Has anyone who fits my profile found success in social media? As in...who does NOT already have an established base of personal friends and acquaintances who have even a vague interest in the niche? Does not have opportunities to attend live networking events with the target market? Has very little contact with the market? Inspiration would be nice.
As others have said, not every approach works for everyone. And the great thing about the Internet is its ability to accommodate a diverse group of talents and lifestyles. But it's also a place where one tends to fall into a comfortable slot and sit there. Is there anyone who's ventured out of their slot and never looked back?
What I keep thinking is that the ultimate solution is to get big enough to hire someone or go into partnership. Service professions really are exploding. I recall reading a while back about a teenager in Australia who began a business planning parties - not corporate events, but fun parties. He was good at throwing parties and made that into his career. And so many people are providing services now virtually. This is a radical thing - the scope and availability of services. It's only going to increase.
What I'm thinking is that for a while, we'll need to step outside our comfort zones to survive, but that eventually we're all going to become a complex network of skills and rely on each other for specialization. It would actually be pretty darn cool if we could easily form cooperative ventures. I wouldn't have to be wrestling with learning webmaster stuff that is definitely not native to my intelligence or networking with strangers when all I want to do is hole up in a comfy ball, writing...and I know I've met others who would much rather socialize than write...and far fewer who love both.
[edited by: Lapizuli at 7:25 am (utc) on Sep 18, 2010]
| 10:49 am on Sep 18, 2010 (gmt 0)|
BTW, I started in June an experiment with Be-a-Magpie Twitter advertising. After 2 tweets with 0 earnings, at this time about 7000 followers, I stoped this ads.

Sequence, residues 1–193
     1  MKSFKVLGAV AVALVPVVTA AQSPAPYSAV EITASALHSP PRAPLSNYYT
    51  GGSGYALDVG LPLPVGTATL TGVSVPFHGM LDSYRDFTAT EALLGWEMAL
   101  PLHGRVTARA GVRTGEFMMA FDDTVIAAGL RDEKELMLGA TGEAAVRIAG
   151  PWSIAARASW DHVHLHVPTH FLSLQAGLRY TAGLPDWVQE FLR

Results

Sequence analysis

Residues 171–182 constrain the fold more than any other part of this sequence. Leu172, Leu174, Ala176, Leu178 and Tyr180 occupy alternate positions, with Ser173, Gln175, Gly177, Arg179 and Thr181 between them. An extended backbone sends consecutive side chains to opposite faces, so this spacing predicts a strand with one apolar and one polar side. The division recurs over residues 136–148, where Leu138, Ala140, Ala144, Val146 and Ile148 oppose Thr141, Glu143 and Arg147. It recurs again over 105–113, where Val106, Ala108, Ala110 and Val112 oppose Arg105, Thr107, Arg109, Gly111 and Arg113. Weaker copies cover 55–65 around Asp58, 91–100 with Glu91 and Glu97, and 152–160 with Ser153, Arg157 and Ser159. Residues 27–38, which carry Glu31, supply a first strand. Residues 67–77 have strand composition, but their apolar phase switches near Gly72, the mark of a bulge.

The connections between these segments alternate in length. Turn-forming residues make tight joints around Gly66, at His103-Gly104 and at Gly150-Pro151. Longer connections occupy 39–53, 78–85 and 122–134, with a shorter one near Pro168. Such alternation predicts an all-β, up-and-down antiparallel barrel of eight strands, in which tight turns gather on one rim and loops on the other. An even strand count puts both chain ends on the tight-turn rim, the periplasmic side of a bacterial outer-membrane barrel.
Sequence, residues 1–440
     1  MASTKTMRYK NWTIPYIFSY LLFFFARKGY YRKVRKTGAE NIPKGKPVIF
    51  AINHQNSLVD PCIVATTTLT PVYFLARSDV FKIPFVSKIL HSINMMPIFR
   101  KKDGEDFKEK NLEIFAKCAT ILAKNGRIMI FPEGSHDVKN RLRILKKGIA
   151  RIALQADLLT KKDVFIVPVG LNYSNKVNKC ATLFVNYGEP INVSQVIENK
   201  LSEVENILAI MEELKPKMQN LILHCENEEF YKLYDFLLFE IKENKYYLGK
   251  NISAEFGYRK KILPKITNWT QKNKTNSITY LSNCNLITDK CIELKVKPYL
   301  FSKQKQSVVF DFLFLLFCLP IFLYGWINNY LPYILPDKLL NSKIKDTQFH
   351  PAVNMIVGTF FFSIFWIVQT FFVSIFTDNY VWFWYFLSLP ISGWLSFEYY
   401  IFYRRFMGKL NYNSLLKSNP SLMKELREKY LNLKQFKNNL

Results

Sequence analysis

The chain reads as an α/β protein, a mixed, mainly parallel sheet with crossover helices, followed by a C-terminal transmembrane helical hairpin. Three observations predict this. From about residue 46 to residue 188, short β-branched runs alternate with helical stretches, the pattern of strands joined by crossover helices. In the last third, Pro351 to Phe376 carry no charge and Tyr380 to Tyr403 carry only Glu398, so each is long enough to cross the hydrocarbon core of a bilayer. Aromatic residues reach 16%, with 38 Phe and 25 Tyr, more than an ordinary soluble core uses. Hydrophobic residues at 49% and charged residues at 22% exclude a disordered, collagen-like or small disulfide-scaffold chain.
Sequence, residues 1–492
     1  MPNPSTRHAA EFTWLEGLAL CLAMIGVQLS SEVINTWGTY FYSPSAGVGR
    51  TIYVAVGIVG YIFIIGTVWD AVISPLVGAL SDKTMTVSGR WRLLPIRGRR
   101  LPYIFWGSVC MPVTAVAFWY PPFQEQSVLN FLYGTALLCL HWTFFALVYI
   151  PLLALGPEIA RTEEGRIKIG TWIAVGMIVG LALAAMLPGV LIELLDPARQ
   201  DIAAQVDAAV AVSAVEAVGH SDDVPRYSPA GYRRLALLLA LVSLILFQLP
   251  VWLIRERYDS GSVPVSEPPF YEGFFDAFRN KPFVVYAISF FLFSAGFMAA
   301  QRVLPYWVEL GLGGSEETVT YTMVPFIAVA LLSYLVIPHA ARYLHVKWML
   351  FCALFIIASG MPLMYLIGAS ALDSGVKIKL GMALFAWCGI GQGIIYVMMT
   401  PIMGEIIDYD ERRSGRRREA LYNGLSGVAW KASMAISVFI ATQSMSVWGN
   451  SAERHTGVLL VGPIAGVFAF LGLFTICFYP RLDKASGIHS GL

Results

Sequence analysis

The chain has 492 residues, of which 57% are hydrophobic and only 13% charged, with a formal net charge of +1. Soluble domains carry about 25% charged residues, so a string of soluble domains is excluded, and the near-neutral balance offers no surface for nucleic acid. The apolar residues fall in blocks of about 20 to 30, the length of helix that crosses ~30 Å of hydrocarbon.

Just today, I got an email, that my account has been suspended.
I just tried to cancel thsi account, but can not log in to cancel.
| 12:42 pm on Sep 18, 2010 (gmt 0)|
|my niches are of absolutely zero interest to my friends. My friends are not my market. |
Neither are mine. Very little cross over, except for a few that probably were just "liking" my pages out of loyalty at the beginning, rather than genuine interest.
You don't have to hit up your own friends to be successful using Facebook. In fact, I kinda hate that (I have a relative who trolling through every kind of pyramid - scuse me, multi level marketing - scheme there is, from Amway to telephone service to "supplements". It's hugely annoying)
You can encourage people with common interests or needs for your goods or services to talk to each other.
You can offer your customers a place to interact with you with feedback or about issues (careful - must be monitored closely)
You can treat your Facebook page like a VIP area where your fans get something that they don't get anywhere else. In my case, I give them extra information that they don't get on the site.
You can run contests and/or give away promotions.
If you have the budget for it, you can run FB ads and target your competitors FB pages or friends (or other specific demographics) and bring them over to your page.
| 7:20 pm on Sep 18, 2010 (gmt 0)|
Hmm, that is inspiring, actually. Darn it.
Netmeg, can one arrange a Facebook page so it can handle multiple niches? So people interested in blue tech widgets don't have to hear the page owner talking about crafting purple poppets?